Raster images use dots in a grid to make a picture. Vector images use a list of geometric shapes.
Raster graphics use a 2-dimensional array grid array of "pixels", or dots. Each pixel carries its own information about color, hue, etc. A typical raster image can store compressed information about more than a million of these individual pixels, packed in a square or rectangular area. When seen from a distance, this grid of pixels appears to the human eye to present an image. Some formats like GIF even include a way to store multiple overlapping grids which, when shown sequentially, can produce a sprite or animation. There is no math data in raster graphics, only a collection of "dumb" pixels with color, which makes it an ideal format for photos etc.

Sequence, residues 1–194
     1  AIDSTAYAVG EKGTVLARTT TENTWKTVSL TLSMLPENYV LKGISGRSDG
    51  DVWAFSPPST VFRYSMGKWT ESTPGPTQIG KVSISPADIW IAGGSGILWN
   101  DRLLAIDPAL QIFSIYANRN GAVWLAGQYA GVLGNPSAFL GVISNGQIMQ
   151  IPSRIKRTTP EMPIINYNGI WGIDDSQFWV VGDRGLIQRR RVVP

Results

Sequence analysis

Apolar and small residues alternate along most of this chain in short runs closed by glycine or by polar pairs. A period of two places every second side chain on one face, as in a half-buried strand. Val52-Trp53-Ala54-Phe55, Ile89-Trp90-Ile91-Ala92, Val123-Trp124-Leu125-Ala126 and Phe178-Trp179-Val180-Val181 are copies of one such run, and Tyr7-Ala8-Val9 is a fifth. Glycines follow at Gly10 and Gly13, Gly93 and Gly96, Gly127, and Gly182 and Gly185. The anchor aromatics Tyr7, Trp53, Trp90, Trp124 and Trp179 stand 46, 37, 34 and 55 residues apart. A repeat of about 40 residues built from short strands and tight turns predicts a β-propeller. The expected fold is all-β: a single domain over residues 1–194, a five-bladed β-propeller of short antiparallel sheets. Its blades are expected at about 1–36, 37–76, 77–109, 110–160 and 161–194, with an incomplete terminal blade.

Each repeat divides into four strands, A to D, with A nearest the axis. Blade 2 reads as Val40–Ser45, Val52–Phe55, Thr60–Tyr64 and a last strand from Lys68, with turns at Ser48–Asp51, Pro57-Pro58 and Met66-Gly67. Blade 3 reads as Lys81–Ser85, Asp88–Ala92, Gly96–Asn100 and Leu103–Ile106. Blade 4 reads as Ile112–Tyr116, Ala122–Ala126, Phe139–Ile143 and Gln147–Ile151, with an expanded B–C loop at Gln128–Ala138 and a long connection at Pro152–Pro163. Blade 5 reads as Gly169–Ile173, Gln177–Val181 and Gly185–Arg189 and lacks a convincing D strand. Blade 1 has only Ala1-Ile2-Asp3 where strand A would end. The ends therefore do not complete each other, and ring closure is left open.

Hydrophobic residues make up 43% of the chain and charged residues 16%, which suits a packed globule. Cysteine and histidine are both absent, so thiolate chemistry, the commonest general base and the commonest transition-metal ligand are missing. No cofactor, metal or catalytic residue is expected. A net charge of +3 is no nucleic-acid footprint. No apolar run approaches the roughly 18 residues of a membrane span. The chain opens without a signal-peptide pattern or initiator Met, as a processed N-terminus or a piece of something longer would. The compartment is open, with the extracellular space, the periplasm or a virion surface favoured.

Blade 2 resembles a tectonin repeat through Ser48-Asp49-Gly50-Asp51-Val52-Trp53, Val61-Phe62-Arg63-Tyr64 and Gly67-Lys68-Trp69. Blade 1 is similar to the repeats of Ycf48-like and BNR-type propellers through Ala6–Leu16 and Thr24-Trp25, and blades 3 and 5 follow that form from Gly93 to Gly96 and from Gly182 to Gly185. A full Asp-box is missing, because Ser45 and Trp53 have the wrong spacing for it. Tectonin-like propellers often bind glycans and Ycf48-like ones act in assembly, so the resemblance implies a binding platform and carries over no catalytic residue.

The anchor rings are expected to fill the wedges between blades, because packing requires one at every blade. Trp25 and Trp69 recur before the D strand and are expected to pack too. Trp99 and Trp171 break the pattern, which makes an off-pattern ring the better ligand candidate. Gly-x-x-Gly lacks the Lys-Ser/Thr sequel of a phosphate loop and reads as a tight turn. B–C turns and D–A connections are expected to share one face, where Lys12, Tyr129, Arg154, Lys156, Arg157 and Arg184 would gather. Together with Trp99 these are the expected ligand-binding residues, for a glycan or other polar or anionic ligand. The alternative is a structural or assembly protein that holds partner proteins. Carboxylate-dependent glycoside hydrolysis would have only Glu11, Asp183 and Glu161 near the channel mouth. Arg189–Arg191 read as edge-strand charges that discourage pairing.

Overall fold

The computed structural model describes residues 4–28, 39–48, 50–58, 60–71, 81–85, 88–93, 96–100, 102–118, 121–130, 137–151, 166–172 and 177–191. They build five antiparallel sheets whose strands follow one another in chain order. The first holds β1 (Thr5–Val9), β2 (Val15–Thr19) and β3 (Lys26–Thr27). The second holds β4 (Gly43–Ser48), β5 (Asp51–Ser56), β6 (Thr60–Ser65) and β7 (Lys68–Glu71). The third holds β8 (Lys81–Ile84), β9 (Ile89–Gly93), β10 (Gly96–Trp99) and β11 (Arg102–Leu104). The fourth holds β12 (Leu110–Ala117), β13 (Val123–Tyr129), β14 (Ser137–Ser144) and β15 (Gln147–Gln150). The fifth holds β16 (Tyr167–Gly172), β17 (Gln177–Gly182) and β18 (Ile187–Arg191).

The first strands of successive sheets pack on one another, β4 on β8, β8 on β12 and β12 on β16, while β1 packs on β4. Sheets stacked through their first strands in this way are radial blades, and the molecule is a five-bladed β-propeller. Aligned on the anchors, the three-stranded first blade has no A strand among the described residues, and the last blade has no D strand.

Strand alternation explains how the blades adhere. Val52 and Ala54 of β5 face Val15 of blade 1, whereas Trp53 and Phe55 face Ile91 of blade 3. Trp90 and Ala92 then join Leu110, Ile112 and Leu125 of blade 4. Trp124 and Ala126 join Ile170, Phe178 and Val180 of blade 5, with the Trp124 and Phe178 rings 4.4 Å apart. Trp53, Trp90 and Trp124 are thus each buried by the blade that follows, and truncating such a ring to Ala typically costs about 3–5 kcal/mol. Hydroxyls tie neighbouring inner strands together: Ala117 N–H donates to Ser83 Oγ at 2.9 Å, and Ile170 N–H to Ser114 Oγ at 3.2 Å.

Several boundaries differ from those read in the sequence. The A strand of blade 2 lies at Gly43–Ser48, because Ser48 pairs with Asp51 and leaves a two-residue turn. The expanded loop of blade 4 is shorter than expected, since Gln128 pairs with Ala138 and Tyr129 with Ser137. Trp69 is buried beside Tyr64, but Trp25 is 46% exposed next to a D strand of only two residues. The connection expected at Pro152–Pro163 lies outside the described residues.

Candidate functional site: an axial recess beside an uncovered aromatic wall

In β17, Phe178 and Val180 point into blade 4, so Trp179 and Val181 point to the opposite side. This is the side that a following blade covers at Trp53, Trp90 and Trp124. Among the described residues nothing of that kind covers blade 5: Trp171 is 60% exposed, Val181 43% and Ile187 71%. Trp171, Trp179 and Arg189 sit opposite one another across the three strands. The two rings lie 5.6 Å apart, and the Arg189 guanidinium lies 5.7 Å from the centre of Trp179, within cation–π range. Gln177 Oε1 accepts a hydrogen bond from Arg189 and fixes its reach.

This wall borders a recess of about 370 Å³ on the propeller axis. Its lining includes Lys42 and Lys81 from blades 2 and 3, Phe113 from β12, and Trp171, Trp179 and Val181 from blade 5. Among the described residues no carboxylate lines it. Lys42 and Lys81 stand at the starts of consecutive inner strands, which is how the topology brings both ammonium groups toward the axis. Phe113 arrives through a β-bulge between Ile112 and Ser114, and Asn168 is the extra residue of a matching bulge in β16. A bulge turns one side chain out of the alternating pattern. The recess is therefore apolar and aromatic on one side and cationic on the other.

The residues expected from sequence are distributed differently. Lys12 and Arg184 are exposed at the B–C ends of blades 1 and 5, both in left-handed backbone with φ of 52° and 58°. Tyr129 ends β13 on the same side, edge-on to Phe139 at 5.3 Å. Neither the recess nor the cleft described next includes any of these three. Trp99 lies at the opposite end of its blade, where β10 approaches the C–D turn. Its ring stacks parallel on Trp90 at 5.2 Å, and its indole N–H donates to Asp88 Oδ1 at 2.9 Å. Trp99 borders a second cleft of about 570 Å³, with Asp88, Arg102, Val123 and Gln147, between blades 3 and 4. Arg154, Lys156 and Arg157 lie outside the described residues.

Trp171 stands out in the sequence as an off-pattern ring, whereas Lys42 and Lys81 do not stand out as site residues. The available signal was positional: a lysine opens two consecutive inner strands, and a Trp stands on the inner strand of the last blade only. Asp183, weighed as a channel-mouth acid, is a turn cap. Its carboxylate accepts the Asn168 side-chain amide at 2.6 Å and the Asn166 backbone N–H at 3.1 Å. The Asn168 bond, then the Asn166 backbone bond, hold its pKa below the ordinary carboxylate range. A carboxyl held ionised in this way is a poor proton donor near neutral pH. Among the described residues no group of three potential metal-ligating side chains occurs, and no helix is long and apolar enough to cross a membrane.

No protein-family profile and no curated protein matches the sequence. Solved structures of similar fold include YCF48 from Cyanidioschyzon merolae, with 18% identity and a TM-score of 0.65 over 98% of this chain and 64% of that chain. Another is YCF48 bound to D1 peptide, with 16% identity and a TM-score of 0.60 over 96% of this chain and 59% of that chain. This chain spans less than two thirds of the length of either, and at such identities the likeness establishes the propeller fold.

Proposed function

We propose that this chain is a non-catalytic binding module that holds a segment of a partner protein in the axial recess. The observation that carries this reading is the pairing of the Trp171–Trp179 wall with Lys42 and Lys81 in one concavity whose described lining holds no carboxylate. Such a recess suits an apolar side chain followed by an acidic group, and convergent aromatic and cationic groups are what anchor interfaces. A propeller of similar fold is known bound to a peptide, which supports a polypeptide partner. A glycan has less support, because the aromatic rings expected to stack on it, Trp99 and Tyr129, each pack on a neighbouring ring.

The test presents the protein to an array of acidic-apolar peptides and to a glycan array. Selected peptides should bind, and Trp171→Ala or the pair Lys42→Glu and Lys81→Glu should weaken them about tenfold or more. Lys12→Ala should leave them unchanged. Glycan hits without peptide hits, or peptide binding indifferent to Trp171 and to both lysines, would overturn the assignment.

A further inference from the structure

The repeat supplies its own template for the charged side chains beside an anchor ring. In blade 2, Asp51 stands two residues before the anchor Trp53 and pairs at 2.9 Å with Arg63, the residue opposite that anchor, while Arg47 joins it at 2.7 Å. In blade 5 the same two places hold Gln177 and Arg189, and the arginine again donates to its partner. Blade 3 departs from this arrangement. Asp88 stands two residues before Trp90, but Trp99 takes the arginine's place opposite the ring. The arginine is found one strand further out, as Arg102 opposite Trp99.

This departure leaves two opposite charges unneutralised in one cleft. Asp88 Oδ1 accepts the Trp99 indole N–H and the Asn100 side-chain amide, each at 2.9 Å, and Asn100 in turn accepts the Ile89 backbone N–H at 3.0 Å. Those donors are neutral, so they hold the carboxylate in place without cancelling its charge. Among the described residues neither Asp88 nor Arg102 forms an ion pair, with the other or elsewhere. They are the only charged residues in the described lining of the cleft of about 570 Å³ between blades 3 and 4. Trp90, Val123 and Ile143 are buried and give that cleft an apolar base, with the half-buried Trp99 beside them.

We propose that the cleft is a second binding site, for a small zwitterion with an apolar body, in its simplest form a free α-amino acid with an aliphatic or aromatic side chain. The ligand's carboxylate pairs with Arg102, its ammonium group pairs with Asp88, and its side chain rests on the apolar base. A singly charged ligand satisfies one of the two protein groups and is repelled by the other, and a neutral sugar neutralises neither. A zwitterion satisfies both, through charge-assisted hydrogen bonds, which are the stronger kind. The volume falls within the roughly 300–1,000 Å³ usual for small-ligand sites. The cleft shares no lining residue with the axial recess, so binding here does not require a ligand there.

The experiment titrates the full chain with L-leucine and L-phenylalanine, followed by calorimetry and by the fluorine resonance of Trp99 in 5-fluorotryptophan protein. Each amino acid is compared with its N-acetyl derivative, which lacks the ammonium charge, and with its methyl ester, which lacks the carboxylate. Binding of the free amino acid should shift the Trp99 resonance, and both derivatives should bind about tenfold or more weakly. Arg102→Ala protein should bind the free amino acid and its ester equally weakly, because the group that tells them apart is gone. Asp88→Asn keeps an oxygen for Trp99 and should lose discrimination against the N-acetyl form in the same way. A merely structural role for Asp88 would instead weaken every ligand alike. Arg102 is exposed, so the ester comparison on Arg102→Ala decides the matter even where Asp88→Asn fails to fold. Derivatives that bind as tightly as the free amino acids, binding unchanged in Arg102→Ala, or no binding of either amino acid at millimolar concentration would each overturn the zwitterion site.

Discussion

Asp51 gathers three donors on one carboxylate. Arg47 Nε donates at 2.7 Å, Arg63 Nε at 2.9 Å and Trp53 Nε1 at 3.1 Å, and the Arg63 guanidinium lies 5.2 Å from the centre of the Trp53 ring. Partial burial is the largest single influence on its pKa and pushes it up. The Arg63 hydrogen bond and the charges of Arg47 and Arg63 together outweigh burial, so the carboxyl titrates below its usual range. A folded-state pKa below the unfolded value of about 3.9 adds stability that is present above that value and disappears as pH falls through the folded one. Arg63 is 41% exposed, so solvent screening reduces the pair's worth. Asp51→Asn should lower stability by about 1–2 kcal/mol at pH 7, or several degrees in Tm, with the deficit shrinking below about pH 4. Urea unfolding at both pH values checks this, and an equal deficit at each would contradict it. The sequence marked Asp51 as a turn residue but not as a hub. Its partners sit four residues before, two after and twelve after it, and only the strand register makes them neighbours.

Vector graphics use a predefined set of real math-based "entities", or shape objects, that define geometry such as circles, lines, splines, etc. Additional characteristics of each entity such as color and lineweight may also be included. Simple entities can be collected to represent complex ones, such as two circles and some line entities into a single 3D cylinder entity. This makes vector graphics ideal for CAD and CAM.
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